This film uses anticoagulants, heat lamps and sulfuric acid; in conjunction with barbaric assholes as instruments of slow, painful death. The interactivity angle adds some nice tension to the kill scenes as they cut between the hit counter climbing steadily higher and the distraught FBI trying to figure out a way to stop what’s happening. As the numbers climb the torture intensifies and the cops are mostly in a position to do nothing but watch.

 

This is pretty much all she can do for most of the movie

This is by no means a new suspense building technique; adding a time limit for these things is like practically pulling a gun on the already amped up audience. The difference with this set up is that the characters know there’s a time limit as well as the audience and the live streaming feed gives them a much more accurate idea of it than say your normal editing trick of victim/cop running/victim/cop running etc. etc.

 

Sick Bastards!

The second interesting thing about this film (and here’s the civics lecture) is that it’s a social commentary on our collective desensitization to violence and violent imagery. We are supposed to be disgusted by the MILLIONS of people tuning in to the website in the film.

 

But we’re watching the film.

 

While thrillers are generally targeted at a different audience than other horror movies; (I once heard them described as horror movies for ‘smart people’-fuck you) this is again a brutal movie depicting imagery of violent torture and death and it was made as entertainment. It’s the age old conundrum of horror fans over the age of 14…

 

‘Is it ok that I’m watching this?’ and ‘Is it ok that I am on some level enjoying it?’

 

Yeah probably not with this one...

 

I would argue that even by the filmmakers’ standards in this case the answer is yes. They are particularly concerned with the internet and I’m sure would argue that works of fiction don’t count; we’re talking about the real footage of accidents and autopsy photos here; posted on the world wide web for every loser with an IP address, skidmarks in his underpants and a permanent residency in his parent’s unfinished basement to mock, repost and generally shit all over other people’s misfortune for hours on end.

 

And I’m a horror fan and a relatively well-adjusted human being, so here’s my two cents.

 

If you ever find yourself wondering whether or not you SHOULD be looking at something; ask yourself a question.

 

Is it real?

 

If you answered ‘no’ congratulations you’re sort of normal. I believe it is natural to want to explore the morbid and dark side of human existence. If you’re doing it in a

Context where no one really gets hurt and you have a functioning reality/fantasy switch you’ll be just fine.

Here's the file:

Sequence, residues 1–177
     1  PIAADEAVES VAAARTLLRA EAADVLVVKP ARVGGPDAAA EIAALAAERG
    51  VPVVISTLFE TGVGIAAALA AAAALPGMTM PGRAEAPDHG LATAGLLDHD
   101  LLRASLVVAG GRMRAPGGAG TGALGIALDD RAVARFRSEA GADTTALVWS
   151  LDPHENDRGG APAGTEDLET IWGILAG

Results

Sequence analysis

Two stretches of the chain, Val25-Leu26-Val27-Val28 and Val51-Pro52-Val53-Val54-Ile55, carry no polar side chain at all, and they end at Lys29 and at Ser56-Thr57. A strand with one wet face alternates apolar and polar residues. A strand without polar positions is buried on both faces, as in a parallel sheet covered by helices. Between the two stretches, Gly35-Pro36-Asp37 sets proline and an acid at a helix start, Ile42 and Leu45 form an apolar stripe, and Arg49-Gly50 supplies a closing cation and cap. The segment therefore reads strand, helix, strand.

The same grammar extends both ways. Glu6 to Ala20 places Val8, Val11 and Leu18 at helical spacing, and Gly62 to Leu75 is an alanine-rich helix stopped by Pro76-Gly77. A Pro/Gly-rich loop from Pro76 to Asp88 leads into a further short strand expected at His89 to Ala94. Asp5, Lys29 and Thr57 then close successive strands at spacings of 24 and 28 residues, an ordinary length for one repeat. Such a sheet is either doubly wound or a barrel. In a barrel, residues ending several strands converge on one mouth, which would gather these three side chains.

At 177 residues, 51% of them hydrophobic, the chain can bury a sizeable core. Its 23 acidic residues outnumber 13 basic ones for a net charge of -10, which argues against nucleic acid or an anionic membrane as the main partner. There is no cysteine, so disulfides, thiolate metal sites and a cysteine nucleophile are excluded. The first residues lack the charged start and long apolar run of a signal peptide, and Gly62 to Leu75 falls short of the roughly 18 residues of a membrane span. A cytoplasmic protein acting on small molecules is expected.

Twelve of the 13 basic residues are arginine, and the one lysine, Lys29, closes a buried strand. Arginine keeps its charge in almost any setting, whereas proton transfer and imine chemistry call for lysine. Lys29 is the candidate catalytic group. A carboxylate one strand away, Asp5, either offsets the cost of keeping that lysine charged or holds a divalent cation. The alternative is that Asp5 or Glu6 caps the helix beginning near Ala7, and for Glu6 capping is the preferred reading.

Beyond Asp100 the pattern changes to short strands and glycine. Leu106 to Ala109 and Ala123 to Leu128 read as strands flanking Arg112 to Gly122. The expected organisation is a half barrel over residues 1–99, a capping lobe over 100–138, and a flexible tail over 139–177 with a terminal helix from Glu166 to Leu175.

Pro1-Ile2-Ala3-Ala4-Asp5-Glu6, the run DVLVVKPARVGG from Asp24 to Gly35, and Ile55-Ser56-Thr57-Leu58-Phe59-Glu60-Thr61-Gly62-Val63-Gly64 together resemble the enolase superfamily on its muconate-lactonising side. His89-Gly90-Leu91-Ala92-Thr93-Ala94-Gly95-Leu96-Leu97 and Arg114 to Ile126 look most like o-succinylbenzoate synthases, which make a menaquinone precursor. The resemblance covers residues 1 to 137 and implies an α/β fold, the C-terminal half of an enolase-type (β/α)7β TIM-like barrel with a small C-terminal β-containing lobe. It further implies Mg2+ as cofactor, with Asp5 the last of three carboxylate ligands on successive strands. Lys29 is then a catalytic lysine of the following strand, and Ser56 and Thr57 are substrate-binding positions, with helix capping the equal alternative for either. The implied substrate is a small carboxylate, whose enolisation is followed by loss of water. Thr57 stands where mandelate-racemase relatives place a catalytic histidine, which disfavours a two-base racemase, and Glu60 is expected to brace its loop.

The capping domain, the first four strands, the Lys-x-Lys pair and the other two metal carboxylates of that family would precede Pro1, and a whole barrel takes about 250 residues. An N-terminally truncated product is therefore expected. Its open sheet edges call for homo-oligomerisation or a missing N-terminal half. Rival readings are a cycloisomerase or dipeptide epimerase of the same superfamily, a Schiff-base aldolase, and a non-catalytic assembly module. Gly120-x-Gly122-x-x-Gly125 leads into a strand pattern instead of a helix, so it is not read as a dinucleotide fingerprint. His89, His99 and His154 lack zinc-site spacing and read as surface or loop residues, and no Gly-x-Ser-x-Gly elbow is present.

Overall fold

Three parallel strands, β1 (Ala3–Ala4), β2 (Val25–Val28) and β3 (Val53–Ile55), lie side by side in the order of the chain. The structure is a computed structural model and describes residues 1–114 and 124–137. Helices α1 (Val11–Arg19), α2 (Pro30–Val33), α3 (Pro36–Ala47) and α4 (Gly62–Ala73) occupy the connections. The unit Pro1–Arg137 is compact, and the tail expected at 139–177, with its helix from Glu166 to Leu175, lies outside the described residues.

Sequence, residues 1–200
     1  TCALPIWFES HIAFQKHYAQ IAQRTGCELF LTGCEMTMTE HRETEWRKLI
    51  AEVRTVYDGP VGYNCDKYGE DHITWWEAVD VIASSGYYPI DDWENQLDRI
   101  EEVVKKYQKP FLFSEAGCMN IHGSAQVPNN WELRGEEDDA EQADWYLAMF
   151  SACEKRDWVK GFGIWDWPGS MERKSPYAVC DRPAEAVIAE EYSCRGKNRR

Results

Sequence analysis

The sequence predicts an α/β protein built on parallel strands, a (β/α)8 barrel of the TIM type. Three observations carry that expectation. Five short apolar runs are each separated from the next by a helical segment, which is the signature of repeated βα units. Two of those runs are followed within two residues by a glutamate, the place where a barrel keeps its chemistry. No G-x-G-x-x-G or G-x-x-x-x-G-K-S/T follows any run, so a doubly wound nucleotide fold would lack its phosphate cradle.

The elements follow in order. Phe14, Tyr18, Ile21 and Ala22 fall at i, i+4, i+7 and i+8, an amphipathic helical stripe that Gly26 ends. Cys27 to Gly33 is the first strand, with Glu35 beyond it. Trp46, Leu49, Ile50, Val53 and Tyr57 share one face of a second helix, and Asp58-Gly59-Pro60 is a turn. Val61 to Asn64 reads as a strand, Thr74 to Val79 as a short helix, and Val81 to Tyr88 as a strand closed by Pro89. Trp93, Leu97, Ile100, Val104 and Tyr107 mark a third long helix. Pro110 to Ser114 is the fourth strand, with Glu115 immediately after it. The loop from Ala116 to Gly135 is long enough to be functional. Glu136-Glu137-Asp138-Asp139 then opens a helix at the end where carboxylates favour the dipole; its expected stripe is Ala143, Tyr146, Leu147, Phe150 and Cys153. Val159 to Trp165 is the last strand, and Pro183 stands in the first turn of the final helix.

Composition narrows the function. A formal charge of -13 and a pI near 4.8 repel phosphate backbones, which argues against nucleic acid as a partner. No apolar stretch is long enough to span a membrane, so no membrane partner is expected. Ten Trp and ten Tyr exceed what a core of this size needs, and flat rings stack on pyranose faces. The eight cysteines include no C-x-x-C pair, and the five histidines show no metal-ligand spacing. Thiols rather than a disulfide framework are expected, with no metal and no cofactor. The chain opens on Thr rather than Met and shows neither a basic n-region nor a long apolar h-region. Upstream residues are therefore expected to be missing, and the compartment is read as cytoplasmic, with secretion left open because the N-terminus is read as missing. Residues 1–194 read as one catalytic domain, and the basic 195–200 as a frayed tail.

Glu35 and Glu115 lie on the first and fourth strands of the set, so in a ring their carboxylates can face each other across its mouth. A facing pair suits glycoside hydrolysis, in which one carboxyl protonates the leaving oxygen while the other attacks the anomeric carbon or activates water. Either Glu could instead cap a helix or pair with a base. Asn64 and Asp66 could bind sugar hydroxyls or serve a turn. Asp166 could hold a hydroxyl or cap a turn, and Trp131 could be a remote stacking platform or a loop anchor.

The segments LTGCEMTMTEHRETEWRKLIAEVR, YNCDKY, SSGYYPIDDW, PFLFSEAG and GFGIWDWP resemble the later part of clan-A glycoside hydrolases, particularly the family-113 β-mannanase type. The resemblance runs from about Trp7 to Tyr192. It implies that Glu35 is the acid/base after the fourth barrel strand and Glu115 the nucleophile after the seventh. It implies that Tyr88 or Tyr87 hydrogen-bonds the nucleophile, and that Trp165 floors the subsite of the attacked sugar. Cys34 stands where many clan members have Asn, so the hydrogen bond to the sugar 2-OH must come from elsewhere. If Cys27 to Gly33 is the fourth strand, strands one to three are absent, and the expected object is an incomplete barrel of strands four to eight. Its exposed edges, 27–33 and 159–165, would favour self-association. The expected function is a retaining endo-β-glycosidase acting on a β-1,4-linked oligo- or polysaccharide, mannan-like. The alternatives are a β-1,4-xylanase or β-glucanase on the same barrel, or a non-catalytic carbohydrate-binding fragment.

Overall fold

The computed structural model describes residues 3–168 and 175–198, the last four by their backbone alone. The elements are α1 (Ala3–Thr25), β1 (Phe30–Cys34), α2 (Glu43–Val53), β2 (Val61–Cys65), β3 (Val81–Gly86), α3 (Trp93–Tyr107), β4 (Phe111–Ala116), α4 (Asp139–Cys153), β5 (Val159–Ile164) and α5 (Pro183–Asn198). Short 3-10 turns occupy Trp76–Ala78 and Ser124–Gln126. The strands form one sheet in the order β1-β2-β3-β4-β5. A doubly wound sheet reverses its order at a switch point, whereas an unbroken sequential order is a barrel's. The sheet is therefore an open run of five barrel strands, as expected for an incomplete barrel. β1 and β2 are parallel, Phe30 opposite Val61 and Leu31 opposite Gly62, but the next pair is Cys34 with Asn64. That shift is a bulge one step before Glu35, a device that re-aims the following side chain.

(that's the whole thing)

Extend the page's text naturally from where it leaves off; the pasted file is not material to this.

If you answered ‘yes’ (you answered yes didn’t you, you sick fuck)  this is where we run into a bit of a snag. The type of moral snag that Untraceable is trying to address. Is it acceptable to treat real life tragedy as entertainment?

 

The answer to that question is a resounding no. I’m sorry, it doesn’t matter how boneheaded the actions of the person involved either, this is the reality vs. fantasy switch we discussed earlier. You want to see something terrible happen to another human being? The fictional representation should be more than enough for you.

 

Or Diane Lane's gonna put a cap in your ass

 

God again with the analysis?!

 

 

Thirdly, thrillers do not abide by the rules of slashers, but they do generally have a lot of the same tropes. Untraceable goes out of it’s way to break a lot of them. Marsh’s family is in danger? She sends them away to safety without so much as a peep. She’s a single mom and a hot street cop gets assigned to her case? He knew her husband? They’re both attractive heterosexual persons? Guess what…they don’t fuck. You think there might be a guy hiding in your hotel room so you…leave immediately with no fanfare? OH MY GOD!

 

 

LOOK PLATONIC HETEROSEXUAL COLLEAGUES!! IN A MOVIE!!

 

 

Final Thoughts

 

 

Untraceable is a very smart, very suspenseful thriller that raises a lot of interesting questions. Even though those questions are pretty easily answered for me they may not be for everyone, which I think is the scariest part of this movie.

 

What's yours?

 

All in all an 8 out of 10

 

 

Your preachy Screamstress,

 

 

~Fright Dyke

Advertisements

Leave a Reply

Fill in your details below or click an icon to log in:

WordPress.com Logo

You are commenting using your WordPress.com account. Log Out /  Change )

Google+ photo

You are commenting using your Google+ account. Log Out /  Change )

Twitter picture

You are commenting using your Twitter account. Log Out /  Change )

Facebook photo

You are commenting using your Facebook account. Log Out /  Change )

Connecting to %s

%d bloggers like this: